RTC with CircuitPython

Wiring

Wiring it up is easy, connect

  • GND to GND on your board
  • VCC to the logic level power of your board - every CircuitPython board uses 3.3V
  • SDA to the SDA i2c data pin
  • SCL to the SCL i2c clock pin

There are internal 10K pull-ups on the PCF8523 on SDA and SCL to the VCC voltage

Adafruit CircuitPython Library Install

To use the RTC sensor with your Adafruit CircuitPython board you'll need to install the Adafruit_CircuitPython_PCF8523 module on your board.

First make sure you are running the latest version of Adafruit CircuitPython for your board.

Next you'll need to install the necessary libraries to use the hardware--carefully follow the steps to find and install these libraries from Adafruit's CircuitPython library bundle.  For example the Circuit Playground Express guide has a great page on how to install the library bundle for both express and non-express boards.

Remember for non-express boards like the Trinket M0, Gemma M0, and Feather/Metro M0 basic you'll need to manually install the necessary libraries from the bundle:

  • adafruit_bus_device folder
  • adafruit_register folder
  • adafruit_pcf8523.mpy

Before continuing make sure your board's lib folder or root filesystem has the adafruit_pcf8523.mpy module, the adafruit_register folder, and the adafruit_bus_device folder copied over.

Usage

To demonstrate the usage of the PCF8523 module you can connect to your board's serial REPL to see the output while saving our example sketch to main.py

First connect to the board's serial REPL so you are at the CircuitPython >>> prompt.

Then save this script to main.py (back up or remove whatever was there before)

import busio
import adafruit_pcf8523
import time
import board

myI2C = busio.I2C(board.SCL, board.SDA)
rtc = adafruit_pcf8523.PCF8523(myI2C)

days = ("Sunday", "Monday", "Tuesday", "Wednesday", "Thursday", "Friday", "Saturday")

if False:   # change to True if you want to write the time!
    #                     year, mon, date, hour, min, sec, wday, yday, isdst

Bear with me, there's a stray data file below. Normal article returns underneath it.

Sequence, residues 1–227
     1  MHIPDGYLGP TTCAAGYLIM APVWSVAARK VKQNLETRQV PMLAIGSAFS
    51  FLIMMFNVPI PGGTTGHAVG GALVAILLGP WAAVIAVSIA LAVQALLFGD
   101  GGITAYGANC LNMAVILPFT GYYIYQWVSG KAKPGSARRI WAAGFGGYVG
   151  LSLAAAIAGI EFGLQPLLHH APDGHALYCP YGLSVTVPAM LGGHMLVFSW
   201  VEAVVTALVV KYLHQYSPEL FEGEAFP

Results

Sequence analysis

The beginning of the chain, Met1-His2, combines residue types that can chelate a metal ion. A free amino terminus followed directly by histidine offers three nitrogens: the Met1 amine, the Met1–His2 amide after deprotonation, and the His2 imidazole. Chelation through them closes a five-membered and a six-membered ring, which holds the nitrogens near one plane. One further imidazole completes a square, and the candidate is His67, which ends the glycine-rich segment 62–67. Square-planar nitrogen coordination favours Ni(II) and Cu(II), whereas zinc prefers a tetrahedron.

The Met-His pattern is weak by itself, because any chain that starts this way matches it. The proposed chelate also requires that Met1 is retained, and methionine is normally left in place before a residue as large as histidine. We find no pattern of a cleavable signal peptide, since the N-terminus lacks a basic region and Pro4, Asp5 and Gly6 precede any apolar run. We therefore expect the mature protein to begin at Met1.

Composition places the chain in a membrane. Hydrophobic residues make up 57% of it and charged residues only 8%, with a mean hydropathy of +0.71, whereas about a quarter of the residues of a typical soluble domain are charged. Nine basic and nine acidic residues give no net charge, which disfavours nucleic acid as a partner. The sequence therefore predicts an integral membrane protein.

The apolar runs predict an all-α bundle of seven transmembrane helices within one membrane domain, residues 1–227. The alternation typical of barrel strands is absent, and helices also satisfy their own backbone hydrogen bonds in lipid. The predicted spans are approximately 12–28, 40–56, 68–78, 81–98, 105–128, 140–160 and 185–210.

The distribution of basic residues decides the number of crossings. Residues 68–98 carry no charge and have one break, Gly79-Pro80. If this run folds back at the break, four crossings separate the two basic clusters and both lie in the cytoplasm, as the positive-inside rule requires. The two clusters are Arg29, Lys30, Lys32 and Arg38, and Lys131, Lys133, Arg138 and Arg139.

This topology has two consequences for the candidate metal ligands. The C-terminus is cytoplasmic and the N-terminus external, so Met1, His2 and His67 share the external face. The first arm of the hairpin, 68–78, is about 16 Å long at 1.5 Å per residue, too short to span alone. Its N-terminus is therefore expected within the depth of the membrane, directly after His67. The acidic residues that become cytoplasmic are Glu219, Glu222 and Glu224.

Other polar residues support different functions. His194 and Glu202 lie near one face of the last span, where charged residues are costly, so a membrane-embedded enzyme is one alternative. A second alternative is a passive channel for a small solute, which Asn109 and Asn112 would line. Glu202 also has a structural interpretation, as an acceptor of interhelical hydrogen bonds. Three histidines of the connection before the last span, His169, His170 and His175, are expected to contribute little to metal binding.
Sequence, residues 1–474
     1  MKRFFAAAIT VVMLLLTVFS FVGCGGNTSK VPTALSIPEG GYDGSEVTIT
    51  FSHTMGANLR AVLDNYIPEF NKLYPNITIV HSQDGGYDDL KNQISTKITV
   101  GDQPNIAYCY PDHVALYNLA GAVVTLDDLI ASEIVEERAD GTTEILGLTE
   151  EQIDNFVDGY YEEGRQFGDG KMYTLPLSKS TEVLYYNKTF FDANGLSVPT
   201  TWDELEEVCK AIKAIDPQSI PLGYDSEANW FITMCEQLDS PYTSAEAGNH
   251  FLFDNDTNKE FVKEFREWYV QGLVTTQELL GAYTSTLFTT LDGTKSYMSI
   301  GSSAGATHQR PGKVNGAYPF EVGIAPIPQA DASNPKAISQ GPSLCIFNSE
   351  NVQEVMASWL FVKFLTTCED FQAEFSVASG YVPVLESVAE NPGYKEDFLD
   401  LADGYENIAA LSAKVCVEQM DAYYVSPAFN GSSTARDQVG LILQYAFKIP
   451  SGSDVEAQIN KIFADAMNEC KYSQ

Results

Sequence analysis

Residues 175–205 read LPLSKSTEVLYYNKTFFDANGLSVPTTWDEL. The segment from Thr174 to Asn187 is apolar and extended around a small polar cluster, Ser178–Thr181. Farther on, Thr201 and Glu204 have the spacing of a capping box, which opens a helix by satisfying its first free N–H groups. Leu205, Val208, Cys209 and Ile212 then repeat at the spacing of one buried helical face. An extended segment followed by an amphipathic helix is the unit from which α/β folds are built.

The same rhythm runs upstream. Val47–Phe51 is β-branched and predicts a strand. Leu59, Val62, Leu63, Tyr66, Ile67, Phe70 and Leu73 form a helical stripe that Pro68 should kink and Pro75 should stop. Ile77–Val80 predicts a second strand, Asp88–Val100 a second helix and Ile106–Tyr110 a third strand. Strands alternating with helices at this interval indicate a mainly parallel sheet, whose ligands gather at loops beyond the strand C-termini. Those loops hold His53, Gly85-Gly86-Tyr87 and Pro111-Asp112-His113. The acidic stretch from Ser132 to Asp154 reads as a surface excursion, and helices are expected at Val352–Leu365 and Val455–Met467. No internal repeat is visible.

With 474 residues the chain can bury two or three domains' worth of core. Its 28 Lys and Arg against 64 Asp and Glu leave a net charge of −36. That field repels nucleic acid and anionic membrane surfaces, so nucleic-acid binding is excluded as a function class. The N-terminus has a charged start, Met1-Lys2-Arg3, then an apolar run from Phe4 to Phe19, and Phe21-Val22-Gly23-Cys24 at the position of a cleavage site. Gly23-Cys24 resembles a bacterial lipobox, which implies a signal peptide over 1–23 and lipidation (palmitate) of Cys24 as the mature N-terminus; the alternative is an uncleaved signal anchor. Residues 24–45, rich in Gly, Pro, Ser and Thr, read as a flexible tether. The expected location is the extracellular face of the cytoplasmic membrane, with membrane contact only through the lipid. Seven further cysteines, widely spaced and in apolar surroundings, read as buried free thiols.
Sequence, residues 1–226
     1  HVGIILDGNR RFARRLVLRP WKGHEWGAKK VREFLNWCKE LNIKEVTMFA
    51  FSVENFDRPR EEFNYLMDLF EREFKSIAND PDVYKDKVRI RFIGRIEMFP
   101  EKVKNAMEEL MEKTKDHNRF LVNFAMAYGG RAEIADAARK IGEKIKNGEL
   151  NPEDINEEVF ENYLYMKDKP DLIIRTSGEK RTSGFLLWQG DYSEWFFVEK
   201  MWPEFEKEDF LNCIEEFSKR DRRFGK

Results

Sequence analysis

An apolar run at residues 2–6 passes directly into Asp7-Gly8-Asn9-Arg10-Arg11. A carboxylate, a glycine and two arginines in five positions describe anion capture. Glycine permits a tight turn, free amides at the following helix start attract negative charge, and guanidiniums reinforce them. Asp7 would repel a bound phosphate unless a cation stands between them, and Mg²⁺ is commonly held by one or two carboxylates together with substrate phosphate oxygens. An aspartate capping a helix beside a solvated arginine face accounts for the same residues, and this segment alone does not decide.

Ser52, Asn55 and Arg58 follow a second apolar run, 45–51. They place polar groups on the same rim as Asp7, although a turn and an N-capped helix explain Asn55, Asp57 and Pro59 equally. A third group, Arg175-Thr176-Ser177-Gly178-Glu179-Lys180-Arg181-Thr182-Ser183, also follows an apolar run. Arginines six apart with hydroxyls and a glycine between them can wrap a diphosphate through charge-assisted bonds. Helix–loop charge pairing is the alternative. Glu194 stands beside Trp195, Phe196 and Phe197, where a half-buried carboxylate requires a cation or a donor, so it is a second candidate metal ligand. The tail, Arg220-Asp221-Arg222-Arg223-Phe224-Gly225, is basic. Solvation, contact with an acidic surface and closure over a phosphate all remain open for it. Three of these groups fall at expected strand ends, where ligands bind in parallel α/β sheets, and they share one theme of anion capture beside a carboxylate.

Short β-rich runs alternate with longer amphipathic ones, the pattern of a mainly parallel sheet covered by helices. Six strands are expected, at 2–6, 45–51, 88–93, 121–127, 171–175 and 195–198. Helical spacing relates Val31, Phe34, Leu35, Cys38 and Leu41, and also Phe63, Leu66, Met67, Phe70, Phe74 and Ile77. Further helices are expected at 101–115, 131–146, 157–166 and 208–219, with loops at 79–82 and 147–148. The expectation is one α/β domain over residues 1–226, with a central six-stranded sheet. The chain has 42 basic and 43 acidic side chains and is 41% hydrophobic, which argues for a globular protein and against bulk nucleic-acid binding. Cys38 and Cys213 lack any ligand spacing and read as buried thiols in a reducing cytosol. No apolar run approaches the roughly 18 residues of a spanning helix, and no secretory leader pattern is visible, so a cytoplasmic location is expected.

t = time.struct_time((2017,  10,   29,   15,  14,  15,    0,   -1,    -1))
    # you must set year, mon, date, hour, min, sec and weekday
    # yearday is not supported, isdst can be set but we don't do anything with it at this time
    
    print("Setting time to:", t)     # uncomment for debugging
    rtc.datetime = t
    print()
    
while True:
    t = rtc.datetime
    #print(t)     # uncomment for debugging

    print("The date is %s %d/%d/%d" % (days[t.tm_wday], t.tm_mday, t.tm_mon, t.tm_year))
    print("The time is %d:%02d:%02d" % (t.tm_hour, t.tm_min, t.tm_sec))
    
    time.sleep(1) # wait a second

Setting the time

The first time you run the program, you'll need to set the time

find these lines:

if False:   # change to True if you want to write the time!
    #                     year, mon, date, hour, min, sec, wday, yday, isdst
    t = time.struct_time((2017,  10,   29,   15,  14,  15,    0,   -1,    -1))
    # you must set year, mon, date, hour, min, sec and weekday
    # yearday is not supported, isdst can be set but we don't do anything with it at this time

Change the False to True in the first line, and update the time.struct_time to have the current time starting from year to weekday. The last two entries can stay at -1

Re-run the sketch by saving and you'll see this out of the REPL:

Note the part where the program says it is Setting time to:

Now you can go back and change the if True to if False and save, so you don't re-set the RTC again.

The script will now output the time and date

Last updated on 2017-10-29 at 03.48.46 PM Published on 2017-10-29 at 03.51.59 PM